rediff.com

NewsApp (Free)

Read news as it happens
Download NewsApp

Available on  

Rediff News  All News 
Rediff.com  » Business » Warning: Markets caught between devil and deep sea

Warning: Markets caught between devil and deep sea

Last updated on: July 30, 2012 10:59 IST

Warning: Markets caught between devil and deep sea

     Next

Next
Dwaipayan Poddar

With the Nifty settling below 5,050 on the expiration of July 2012 series, tongues seem to have started to wag again over the outlook for the markets in India.

This gains importance at a time when Europe struggles to keep its feet given the recent decline in the euro against the US dollar and the rally in US ten-year bond prices. So strong has been the influence of these two factors that cool-off in commodities went almost unnoticed by many.

On the other hand, large investors locally have been sceptical on the Indian markets and aren't very keen to participate actively at these levels citing reasons like muted numbers by corporate in Q1FY13, whereas foreign institutional investors (FIIs) have shown faith in India by pumping Rs 51,000 crore (Rs 510 billion) into the equity markets year-to-date.

Click NEXT to read more...


Photographs: Reuters
Tags: Q1FY13 , India , US , Europe

     Next

Warning: Markets caught between devil and deep sea

Prev     Next
Prev

Next

What lies ahead is something we all want to decipher and take action accordingly. We believe Indian markets have some more upside left. Another 7-10 per cent is highly probable from the current levels.

With so much of pessimism floating on the surface, expecting sharp cuts in the Indian markets doesn't seem to be a great idea at the moment.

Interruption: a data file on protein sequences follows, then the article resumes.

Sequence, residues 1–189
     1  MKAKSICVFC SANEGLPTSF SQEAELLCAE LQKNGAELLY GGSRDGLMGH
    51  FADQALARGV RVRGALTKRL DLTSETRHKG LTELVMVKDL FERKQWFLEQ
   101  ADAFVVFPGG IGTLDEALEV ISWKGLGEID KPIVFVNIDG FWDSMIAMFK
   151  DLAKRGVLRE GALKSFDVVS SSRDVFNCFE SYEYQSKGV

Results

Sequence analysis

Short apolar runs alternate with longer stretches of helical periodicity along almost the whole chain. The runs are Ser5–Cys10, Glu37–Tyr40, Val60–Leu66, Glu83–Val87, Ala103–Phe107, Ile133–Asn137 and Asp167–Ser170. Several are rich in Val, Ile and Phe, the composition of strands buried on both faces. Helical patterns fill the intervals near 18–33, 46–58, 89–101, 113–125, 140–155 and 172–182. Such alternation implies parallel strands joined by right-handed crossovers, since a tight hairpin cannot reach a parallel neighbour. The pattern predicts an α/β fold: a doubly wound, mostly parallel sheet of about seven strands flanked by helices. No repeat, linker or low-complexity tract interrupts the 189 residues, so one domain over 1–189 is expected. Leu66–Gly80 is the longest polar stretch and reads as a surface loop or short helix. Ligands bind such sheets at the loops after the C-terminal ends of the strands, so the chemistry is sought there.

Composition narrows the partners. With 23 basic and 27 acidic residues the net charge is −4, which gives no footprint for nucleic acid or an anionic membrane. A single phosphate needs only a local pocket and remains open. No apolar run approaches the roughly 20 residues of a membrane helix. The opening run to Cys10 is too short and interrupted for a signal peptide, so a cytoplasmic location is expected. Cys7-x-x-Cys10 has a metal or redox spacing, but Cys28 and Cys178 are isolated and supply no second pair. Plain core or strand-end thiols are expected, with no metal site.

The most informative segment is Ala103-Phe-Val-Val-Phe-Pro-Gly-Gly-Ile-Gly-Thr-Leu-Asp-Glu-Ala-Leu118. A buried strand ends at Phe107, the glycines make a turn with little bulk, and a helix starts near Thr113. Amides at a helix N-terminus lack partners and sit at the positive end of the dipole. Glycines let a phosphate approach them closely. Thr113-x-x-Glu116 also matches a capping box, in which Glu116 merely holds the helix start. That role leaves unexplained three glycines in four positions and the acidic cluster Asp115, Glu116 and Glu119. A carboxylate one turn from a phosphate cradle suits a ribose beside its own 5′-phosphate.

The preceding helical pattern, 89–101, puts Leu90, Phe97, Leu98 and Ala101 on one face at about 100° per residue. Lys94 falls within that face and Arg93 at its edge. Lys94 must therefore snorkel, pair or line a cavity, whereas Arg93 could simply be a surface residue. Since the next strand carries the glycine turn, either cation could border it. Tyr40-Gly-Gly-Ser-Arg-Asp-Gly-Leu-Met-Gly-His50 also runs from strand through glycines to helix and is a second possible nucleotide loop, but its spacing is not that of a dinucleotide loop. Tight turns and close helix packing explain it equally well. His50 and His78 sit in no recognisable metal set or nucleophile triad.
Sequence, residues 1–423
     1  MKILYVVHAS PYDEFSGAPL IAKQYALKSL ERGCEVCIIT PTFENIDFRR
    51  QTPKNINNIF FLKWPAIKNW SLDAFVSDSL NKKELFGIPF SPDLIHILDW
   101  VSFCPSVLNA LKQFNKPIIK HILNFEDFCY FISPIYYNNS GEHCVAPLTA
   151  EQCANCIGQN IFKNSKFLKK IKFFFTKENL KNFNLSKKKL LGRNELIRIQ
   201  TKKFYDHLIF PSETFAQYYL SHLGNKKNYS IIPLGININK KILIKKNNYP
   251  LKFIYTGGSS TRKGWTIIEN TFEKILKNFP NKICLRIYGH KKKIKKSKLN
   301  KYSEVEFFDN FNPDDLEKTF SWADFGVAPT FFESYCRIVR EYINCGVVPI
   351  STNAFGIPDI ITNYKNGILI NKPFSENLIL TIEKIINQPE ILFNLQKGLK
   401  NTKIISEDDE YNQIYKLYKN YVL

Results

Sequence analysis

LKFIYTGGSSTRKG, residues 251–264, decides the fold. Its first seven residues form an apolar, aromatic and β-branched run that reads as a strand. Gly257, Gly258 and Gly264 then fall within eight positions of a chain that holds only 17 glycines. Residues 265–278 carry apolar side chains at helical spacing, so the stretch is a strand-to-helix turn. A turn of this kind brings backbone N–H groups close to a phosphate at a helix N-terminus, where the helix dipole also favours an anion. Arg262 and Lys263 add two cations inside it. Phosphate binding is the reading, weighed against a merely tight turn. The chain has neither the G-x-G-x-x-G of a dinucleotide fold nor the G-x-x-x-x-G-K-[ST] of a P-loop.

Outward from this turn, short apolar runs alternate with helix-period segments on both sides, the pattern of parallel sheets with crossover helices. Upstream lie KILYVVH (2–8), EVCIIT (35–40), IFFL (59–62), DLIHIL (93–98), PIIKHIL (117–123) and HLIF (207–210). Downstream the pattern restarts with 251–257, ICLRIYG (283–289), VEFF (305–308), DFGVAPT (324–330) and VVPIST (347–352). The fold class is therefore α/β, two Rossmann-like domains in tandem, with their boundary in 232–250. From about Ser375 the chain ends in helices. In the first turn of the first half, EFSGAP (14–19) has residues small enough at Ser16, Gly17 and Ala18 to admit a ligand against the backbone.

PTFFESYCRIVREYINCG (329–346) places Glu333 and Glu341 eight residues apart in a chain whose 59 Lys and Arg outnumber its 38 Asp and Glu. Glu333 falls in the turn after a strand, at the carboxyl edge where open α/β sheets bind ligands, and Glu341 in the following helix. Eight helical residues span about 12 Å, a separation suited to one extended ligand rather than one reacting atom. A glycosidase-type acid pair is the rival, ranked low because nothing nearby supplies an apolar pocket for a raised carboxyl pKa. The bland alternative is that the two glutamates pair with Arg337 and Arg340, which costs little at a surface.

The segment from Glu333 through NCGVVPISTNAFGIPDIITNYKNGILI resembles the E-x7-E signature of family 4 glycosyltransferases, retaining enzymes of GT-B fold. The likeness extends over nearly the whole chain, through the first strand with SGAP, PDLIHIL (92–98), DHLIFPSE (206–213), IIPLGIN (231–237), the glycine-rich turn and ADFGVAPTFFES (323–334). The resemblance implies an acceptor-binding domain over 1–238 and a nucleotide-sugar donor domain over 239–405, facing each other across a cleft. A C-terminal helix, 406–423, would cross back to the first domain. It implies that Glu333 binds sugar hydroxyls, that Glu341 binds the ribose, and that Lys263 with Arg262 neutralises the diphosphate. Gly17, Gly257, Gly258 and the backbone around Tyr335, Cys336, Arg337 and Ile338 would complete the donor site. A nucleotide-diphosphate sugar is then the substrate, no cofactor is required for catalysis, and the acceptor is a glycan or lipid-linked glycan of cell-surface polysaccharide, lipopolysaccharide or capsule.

We believe with the pessimism in the atmosphere prevalent at the moment, the odds are certainly stacked more in favour of an upward move than a downward one.

Click NEXT to read more...


Photographs: Arko Datta/Reuters
Tags:

Prev     Next

Warning: Markets caught between devil and deep sea

Prev     Next
Prev

Next

Then comes the question of what will lead to an up move? We feel the cues would come from outside the subcontinent and to be more precise from the European region.

A glance on the charts of the euro against major crosses such as the Canadian dollar, Australian dollar, US dollar, Japanese yen and the British pound sterling indicate the likelihood of a sharp bounce back in the short term.

Indications from the charts of US ten-year bond prices are of a correction in bond prices in the short term as these signal exhaustion in the price movements.

A bounce in the euro and correction in the US ten-year bond prices would set the tone for the commodities rally and would also help by way of improved money flow into emerging markets.

Click NEXT to read more...


Photographs: Reuters
Tags: US , Australian

Prev     Next

Warning: Markets caught between devil and deep sea

Prev     Next
Prev

Next

India, being one of the most resilient emerging markets compared with others in the pack in the past two to three months, certainly should see some decent money flows which would then help push the Nifty and the Sensex higher from the current levels.

However, it won't be that easy to generate alpha while trading stocks or sectors back in India as we believe that participation in the upmove would commence only after the immediate swing high of 5,350-odd levels are taken out on a closing basis.

That means fence sitters would not be jumping into the arena for perhaps another four-odd per cent move.

Click NEXT to read more...


Photographs: Punit Paranjpe/Reuters
Tags: India

Prev     Next

Warning: Markets caught between devil and deep sea

Prev     More
Prev

More

Break-out traders would be more guarded in their approach and would perhaps use the strictest possible filters for stock selection, which in a way is good, but can lead to the possibility of missing out on some early movers.

We expect stocks, which have a connection with Europe, like Tata Steel and Tata Motors, to give decent bounce-backs.

We also expect beaten down stocks from technology to bounce back during the rally in the Nifty.

The author is chief technical strategist - institutional equity, Karvy Stock Broking.


Photographs: Arko Datta/Reuters

Prev     More